11 Fracture Nursing Care Plans

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In this nursing care plan guide are 11 nursing diagnoses for patients with fractures. Know the assessment, goals, related factors, and nursing interventions with rationale for fracture in this guide.

A fracture is a medical term used for a broken bone. They occur when the physical force exerted on the bone is stronger than the bone itself. They commonly happen because of car accidents, falls, or sports injuries. Other causes are low bone density and osteoporosis, which cause the weakening of the bones. Fracture is sometimes abbreviated FRX or Fx, Fx, or #.

Types of Fracture

There are many fractures, but the main categories are complete, incomplete, open, closed, and pathological. Five major types are as follows:

  1. Incomplete: Fracture involves only a portion of the cross-section of the bone. One side breaks; the other usually just bends (greenstick).
  2. Complete: Fracture line involves entire cross-section of the bone, and bone fragments are usually displaced.
  3. Closed: The fracture does not extend through the skin.
  4. Open: Bone fragments extend through the muscle and skin, which is potentially infected.
  5. Pathological: Fracture occurs in diseased bone (such as cancer, osteoporosis), with no or only minimal trauma.

Nursing Care Plans

Creating nursing care plans for clients with fractures, whether in a cast or traction, is based on preventing complications during healing. Performing an accurate nursing assessment regularly allows the nursing staff to manage the patient’s pain and prevent complications. In emergency trauma care, basics include triage, assessment and maintaining the airway, breathing, and circulation, protecting the cervical spine, and assessing the level of consciousness.

Here are eleven (11) nursing care plans (NCP) and nursing diagnosis (NDx) for fracture: 

  1. Risk for Falls
  2. Acute Pain
  3. Risk for Peripheral Neurovascular Dysfunction
  4. Risk for Impaired Gas Exchange
  5. Impaired Physical Mobility
  6. Impaired Skin Integrity
  7. Risk for Infection
  8. Deficient Knowledge
  9. Risk for Injury
  10. Self-Care Deficit
  11. Constipation
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Risk for Falls

Nursing Diagnosis

Risk factors may include

  • Loss of skeletal integrity (fractures)/movement of bone fragments
  • Weakness
  • Getting up without assistance

Desired Outcomes

  • Client will maintain stabilization and alignment of fracture(s).
  • Client will display callus formation/beginning union at fracture site as appropriate.
  • Client will demonstrate body mechanics that promote stability at the fracture site.

Nursing Interventions and Rationale

1. Maintain bed rest or limb rest as indicated. Provide support of joints above and below the fracture site, especially when moving and turning.
Provides stability, reducing the possibility of disturbing alignment and muscle spasms, which enhances healing.

2. Secure a bed board under the mattress or place the patient on the orthopedic bed.
A soft or sagging mattress may deform a wet (green) plaster cast, crack a dry cast, or interfere with traction pull.

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3. Support fracture site with pillows or folded blankets. Maintain a neutral position of the affected part with sandbags, splints, trochanter roll, footboard.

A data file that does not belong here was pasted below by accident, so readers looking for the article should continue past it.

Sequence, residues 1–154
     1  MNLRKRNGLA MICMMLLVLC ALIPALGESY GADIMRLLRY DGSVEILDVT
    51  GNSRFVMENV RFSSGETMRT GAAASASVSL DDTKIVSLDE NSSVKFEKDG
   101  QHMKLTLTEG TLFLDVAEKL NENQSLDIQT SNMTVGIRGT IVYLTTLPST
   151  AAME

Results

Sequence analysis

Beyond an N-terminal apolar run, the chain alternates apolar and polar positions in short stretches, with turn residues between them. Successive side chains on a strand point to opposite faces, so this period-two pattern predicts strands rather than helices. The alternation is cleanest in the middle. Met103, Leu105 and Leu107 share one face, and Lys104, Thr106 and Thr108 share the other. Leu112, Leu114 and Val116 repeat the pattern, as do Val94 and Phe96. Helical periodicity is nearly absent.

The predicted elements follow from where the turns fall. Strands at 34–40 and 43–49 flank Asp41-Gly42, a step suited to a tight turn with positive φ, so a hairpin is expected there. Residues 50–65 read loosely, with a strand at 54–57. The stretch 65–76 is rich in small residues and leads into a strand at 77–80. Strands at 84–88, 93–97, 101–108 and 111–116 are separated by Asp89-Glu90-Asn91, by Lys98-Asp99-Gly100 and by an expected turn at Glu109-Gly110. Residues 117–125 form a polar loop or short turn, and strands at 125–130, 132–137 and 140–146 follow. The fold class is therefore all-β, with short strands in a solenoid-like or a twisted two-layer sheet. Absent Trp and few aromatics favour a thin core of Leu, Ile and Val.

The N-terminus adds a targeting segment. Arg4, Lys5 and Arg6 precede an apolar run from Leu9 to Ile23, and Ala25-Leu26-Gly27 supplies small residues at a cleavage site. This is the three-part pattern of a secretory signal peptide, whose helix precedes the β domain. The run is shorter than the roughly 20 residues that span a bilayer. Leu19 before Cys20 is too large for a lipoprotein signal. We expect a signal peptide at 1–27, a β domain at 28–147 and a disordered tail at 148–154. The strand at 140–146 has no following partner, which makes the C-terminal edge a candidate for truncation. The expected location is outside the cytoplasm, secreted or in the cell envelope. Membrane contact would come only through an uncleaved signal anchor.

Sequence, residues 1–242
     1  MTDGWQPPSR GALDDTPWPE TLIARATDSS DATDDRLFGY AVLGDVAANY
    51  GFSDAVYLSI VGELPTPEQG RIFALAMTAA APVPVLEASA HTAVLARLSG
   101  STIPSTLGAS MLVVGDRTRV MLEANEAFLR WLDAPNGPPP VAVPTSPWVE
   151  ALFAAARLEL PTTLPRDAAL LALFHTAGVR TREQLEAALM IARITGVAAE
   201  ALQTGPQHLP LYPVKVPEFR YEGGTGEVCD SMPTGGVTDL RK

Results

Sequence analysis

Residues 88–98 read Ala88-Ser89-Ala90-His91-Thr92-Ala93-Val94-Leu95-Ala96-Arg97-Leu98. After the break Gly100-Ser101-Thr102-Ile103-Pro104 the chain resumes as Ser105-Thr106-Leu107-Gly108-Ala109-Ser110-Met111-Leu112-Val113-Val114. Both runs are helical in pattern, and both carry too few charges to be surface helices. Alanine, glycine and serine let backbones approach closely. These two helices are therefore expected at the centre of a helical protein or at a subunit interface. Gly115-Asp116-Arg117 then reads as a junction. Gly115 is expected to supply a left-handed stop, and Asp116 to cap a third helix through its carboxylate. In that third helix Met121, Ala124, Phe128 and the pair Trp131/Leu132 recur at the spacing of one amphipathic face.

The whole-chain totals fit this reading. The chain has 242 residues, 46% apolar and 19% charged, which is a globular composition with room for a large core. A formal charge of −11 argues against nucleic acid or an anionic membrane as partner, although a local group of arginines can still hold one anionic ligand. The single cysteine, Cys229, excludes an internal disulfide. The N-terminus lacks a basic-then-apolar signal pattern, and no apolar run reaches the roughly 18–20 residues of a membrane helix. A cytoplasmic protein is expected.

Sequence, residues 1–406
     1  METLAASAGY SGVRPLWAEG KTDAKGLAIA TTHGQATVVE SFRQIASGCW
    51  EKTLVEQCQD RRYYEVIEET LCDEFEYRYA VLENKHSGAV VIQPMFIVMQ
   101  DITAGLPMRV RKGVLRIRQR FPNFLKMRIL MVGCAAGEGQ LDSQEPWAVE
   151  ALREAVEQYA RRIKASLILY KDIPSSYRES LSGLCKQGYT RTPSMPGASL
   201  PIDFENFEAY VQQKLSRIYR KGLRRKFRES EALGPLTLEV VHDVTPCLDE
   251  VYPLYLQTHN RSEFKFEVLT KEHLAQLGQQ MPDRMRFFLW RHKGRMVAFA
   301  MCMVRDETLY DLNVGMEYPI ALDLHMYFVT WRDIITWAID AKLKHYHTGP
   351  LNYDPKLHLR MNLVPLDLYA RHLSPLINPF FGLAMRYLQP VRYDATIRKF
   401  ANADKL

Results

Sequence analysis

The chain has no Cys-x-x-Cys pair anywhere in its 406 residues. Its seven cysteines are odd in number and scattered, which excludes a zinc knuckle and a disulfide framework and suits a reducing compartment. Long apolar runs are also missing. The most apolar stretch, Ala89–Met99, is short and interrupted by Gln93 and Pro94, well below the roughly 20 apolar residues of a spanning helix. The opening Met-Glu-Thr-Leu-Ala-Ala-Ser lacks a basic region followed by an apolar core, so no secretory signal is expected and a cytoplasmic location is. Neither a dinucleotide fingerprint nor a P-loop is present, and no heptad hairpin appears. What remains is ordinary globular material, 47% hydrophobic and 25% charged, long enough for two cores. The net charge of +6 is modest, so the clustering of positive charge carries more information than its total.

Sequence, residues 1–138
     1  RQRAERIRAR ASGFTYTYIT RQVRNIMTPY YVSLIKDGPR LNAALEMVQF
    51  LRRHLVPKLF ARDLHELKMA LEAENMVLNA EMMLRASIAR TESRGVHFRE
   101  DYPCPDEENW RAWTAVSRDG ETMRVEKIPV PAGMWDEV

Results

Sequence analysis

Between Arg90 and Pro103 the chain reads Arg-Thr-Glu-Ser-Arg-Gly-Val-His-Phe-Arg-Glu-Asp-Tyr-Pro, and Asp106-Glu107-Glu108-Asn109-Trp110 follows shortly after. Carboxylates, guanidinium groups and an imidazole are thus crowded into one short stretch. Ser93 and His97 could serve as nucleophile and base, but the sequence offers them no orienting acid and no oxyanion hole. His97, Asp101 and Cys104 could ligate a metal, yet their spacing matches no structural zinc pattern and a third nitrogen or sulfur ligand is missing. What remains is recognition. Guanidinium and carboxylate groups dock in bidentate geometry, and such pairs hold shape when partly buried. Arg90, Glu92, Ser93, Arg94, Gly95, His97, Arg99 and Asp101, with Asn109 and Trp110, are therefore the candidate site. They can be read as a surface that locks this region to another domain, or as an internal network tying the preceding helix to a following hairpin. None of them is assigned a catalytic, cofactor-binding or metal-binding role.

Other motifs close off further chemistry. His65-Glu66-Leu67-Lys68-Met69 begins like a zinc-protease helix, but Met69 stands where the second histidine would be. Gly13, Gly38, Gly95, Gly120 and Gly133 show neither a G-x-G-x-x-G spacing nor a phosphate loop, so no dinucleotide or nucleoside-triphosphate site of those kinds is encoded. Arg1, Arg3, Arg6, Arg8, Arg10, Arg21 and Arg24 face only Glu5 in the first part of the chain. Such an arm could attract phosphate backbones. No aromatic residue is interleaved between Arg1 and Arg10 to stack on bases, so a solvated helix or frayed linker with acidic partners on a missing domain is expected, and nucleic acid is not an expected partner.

Prevents unnecessary movement and disruption of alignment. Proper placement of pillows also can prevent pressure deformities in the drying cast.

4. Use sufficient personnel when turning. Avoid using an abduction bar when turning a patient with a spica cast.
Hip, body, or multiple casts can be extremely heavy and cumbersome. Failure to properly support limbs in casts may cause the cast to break.

5. Observe and evaluate splinted extremity for resolution of edema.
Coaptation splint (Jones-Sugar tong) may be used to immobilize fracture while excessive tissue swelling is present. As edema subsides, readjustment of splint or application of plaster or fiberglass cast may be required for continued alignment of the fracture.

6. Maintain position or integrity of traction.
Traction permits pulling on the fractured bone’s long axis and overcoming muscle tension or shortening to facilitate alignment and union. Skeletal traction (pins, wires, tongs) permits greater weight for traction pull than can be applied to skin tissues.

7. Ascertain that all clamps are functional. Lubricate pulleys and check ropes for fraying. Secure and wrap knots with adhesive tape.
Ensures that traction setup is functioning properly to avoid interruption of fracture approximation.

8. Keep ropes unobstructed with weights hanging free; avoid lifting or releasing weights.
An optimal amount of traction weight is maintained. Ensuring free movement of weights during patient repositioning avoids sudden excess pull on fracture with associated pain and muscle spasm.

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9. Assist with placement of lifts under bed wheels if indicated.
Helps maintain proper patient position and function of traction by providing a counterbalance.

10. Position the patient, so that appropriate pull is maintained on the long axis of the bone.
Promotes bone alignment and reduces the risk of complications (delayed healing and nonunion).

11. Review restrictions imposed by therapy such as not bending at the waist and sitting up with Buck traction or not turning below the waist with Russell traction.
Maintains integrity of pull of traction.

12. Assess the integrity of the external fixation device.
Hoffman traction provides stabilization and rigid support for fractured bone without ropes, pulleys, or weights, thus allowing for greater patient mobility, comfort and facilitating wound care. Loose or excessively tightened clamps or nuts can alter the compression of the frame, causing misalignment.

13. Review follow-up and serial X-rays.
Provides visual evidence of proper alignment or beginning callus formation and healing process to determine the level of activity and need for changes in or additional therapy.